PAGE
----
Statistical analysis

Descriptive statistics for the patient populations were performed using Microsoft excel for Mac (v. 16.16.27, 2016). For data sets containing only two cohorts, such as the healthy controls versus all LSA cases, a Wilcoxon rank sum test was used to compare the medians of the data sets. For data sets where multiple conditions were compared such as disease stage, a two-way ANOVA for repeat measures with a Tukey’s multiple comparisons test was performed. This part of the analysis was performed using GraphPad Prism version 8.0.0 for Macintosh, GraphPad Software, San Diego, California USA, www.graphpad.com. Spearman’s correlation, ROC curves and specificity/sensitivity calculations were performed using R version 3.4.3 and the pROC package [32, 33].

Availability of data and materials

All relevant data are within the paper.

Abbreviations

LSA:

Lymphoma

TAMU VMTH:

Texas A&M University Veterinary Medical Teaching Hospital

ROC:

Receiver Operating Characteristic

MRD:

Minimal Residual Disease

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Acknowledgements

The authors would like to acknowledge the Fred and Vola Palmer Chair in Comparative Oncology for funding support of this work.

Authors’ information (optional)

Not applicable.

Funding

Funding for materials and author salaries was provided by Belgian Volition SRL. HWR and TM received salary from these funds. JT, TK, and TB are employees of Volition Diagnostics UK Ltd. & Volition America. The URL to the Volition website is: https://volition.com/. Some additional funding for HWR and TM salaries was provided by the Fred and Vola Palmer Chair of Comparative Oncology held by HWR.

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Authors

Contributions

Conceptualization: Heather Wilson-Robles. Data curation: Christopher Dolan, Heather Wilson-Robles, Tasha Miller, Jill Jarvis. Formal analysis: Heather Wilson-Robles, Theresa Kelly, Thomas Bygott. Funding acquisition: Heather Wilson-Robles, Jason Terrell. Investigation: Christopher Dolan, Heather Wilson-Robles, Jill Jarvis. Methodology: Heather Wilson-Robles, Tasha Miller. Project administration: Heather Wilson-Robles, Jill Jarvis. Resources: Heather Wilson-Robles, Tasha Miller, Jill Jarvis, Jason Terrell, Theresa Kelly, Thomas Bygott. Software: Heather Wilson-Robles, Thomas Bygott. Supervision: Heather Wilson-Robles. Validation: Heather Wilson-Robles, Tasha Miller. Visualization: Heather Wilson-Robles. Writing – original draft: Christopher Dolan, Heather Wilson-Robles. Writing – review & editing: Christopher Dolan, Heather Wilson-Robles, Jason Terrell, Theresa. Kelly, Thomas Bygott. The authors read and approved the final manuscript.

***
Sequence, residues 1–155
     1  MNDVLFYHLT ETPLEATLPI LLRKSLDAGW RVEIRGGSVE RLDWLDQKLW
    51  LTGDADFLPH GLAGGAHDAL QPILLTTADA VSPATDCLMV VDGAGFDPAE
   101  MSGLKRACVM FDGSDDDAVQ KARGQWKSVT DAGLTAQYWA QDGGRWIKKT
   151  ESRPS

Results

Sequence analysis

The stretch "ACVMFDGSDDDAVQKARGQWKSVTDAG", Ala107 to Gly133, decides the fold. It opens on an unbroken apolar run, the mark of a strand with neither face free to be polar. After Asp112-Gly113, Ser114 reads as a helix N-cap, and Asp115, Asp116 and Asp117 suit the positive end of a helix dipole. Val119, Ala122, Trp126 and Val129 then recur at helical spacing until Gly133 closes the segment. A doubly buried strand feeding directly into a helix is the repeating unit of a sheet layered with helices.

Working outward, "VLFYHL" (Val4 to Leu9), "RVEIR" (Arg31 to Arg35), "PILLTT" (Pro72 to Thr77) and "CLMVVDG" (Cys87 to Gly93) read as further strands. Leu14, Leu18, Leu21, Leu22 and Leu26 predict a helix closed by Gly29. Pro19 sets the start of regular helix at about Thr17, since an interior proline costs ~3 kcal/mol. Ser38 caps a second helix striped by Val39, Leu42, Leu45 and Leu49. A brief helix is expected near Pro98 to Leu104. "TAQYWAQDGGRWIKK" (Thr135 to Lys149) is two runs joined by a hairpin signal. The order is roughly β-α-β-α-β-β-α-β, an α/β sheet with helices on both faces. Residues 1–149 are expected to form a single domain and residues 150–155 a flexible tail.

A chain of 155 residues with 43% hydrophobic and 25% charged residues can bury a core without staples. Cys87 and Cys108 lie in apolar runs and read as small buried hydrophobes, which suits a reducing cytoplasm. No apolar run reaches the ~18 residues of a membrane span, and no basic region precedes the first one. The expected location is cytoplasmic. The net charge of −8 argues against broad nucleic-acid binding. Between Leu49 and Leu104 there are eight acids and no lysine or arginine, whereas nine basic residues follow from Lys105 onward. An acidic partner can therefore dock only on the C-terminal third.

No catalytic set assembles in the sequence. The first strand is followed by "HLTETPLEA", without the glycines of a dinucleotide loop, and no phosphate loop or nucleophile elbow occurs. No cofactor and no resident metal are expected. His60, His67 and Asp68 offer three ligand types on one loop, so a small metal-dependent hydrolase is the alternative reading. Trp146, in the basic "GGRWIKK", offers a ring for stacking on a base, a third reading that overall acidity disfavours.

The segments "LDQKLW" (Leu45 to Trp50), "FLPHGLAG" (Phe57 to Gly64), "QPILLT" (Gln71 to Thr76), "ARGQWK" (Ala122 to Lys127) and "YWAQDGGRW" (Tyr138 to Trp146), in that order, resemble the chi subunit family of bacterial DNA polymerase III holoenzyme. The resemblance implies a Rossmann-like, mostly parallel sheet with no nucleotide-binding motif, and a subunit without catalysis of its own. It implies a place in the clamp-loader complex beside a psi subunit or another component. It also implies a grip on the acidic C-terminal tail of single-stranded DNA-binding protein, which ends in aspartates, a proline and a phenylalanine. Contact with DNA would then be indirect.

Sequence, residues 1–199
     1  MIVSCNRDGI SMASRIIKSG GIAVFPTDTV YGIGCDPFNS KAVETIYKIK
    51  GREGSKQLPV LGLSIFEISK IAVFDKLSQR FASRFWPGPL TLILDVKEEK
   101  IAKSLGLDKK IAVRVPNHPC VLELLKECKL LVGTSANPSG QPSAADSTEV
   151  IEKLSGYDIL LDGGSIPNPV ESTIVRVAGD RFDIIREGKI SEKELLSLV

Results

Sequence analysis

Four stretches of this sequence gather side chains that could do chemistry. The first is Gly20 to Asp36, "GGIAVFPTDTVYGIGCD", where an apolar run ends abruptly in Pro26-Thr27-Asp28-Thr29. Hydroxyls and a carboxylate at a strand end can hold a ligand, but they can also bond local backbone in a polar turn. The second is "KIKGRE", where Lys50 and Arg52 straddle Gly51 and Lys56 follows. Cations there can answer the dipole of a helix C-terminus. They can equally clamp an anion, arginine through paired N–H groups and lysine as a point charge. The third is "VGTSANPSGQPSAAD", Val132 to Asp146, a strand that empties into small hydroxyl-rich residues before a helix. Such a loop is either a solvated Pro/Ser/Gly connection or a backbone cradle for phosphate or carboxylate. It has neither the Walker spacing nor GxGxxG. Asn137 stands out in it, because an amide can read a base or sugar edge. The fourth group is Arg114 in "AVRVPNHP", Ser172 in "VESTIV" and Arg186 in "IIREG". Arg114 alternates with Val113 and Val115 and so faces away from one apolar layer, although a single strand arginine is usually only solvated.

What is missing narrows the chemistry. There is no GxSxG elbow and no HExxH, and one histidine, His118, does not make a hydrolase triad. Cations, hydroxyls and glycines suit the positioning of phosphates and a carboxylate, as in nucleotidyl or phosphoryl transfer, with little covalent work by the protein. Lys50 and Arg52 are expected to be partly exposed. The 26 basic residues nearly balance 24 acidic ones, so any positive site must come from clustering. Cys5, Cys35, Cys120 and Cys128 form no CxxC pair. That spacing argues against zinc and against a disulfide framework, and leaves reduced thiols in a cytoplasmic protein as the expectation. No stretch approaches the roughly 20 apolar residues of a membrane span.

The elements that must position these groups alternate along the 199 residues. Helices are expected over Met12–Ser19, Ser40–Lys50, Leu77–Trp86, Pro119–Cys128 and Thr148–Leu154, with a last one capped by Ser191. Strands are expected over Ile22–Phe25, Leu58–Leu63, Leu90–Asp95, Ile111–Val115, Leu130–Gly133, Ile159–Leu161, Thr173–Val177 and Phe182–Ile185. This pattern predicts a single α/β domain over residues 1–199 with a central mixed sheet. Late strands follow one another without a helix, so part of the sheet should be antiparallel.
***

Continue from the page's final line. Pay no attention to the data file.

Corresponding author

Correspondence to Christopher Dolan.

Ethics declarations

Ethics approval and consent to participate

All animal studies were approved by the Texas A&M University Animal Care and Use Committee (AUP #2017–0350). Client-owned animals were evaluated with the informed consent of the owner (AUP #2019–0211).

All methods were carried out in accordance with relevant guidelines and regulations.

No humans were involved in this study.

No agents were administered to dogs in any way in this study.

Consent for publication

Not applicable.

Competing interests

JT, TK, and TB are employees of Volition Diagnostics UK Ltd. & Volition America, which have patents covering Nu. Q technology and are developers of Nu.Q™ assays. Volition Veterinary is a joint venture between Belgian Volition and Texas A&M University. HWR is a paid consultant of Volition Veterinary. TM, CD and JJ have no conflicts of interest to declare. Additional salary support for TM was provided by the Fred and Vola Palmer Chair in Comparative Oncology held by HWR. The Palmers did not play a role in the study design, data collection and analysis, decision to publish, or preparation of the manuscript and only provided financial support for the authors’ salaries (T.M.). This does not alter our adherence to BMC policies on sharing data and materials.

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Dolan, C., Miller, T., Jill, J. et al. Characterizing circulating nucleosomes in the plasma of dogs with lymphoma. BMC Vet Res 17, 276 (2021). https://doi.org/10.1186/s12917-021-02991-x

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Keywords

  • Canine
  • Lymphoma
  • Circulating nucleosomes
  • Cell free DNA
  • Circulating DNA
  • Histone 3.1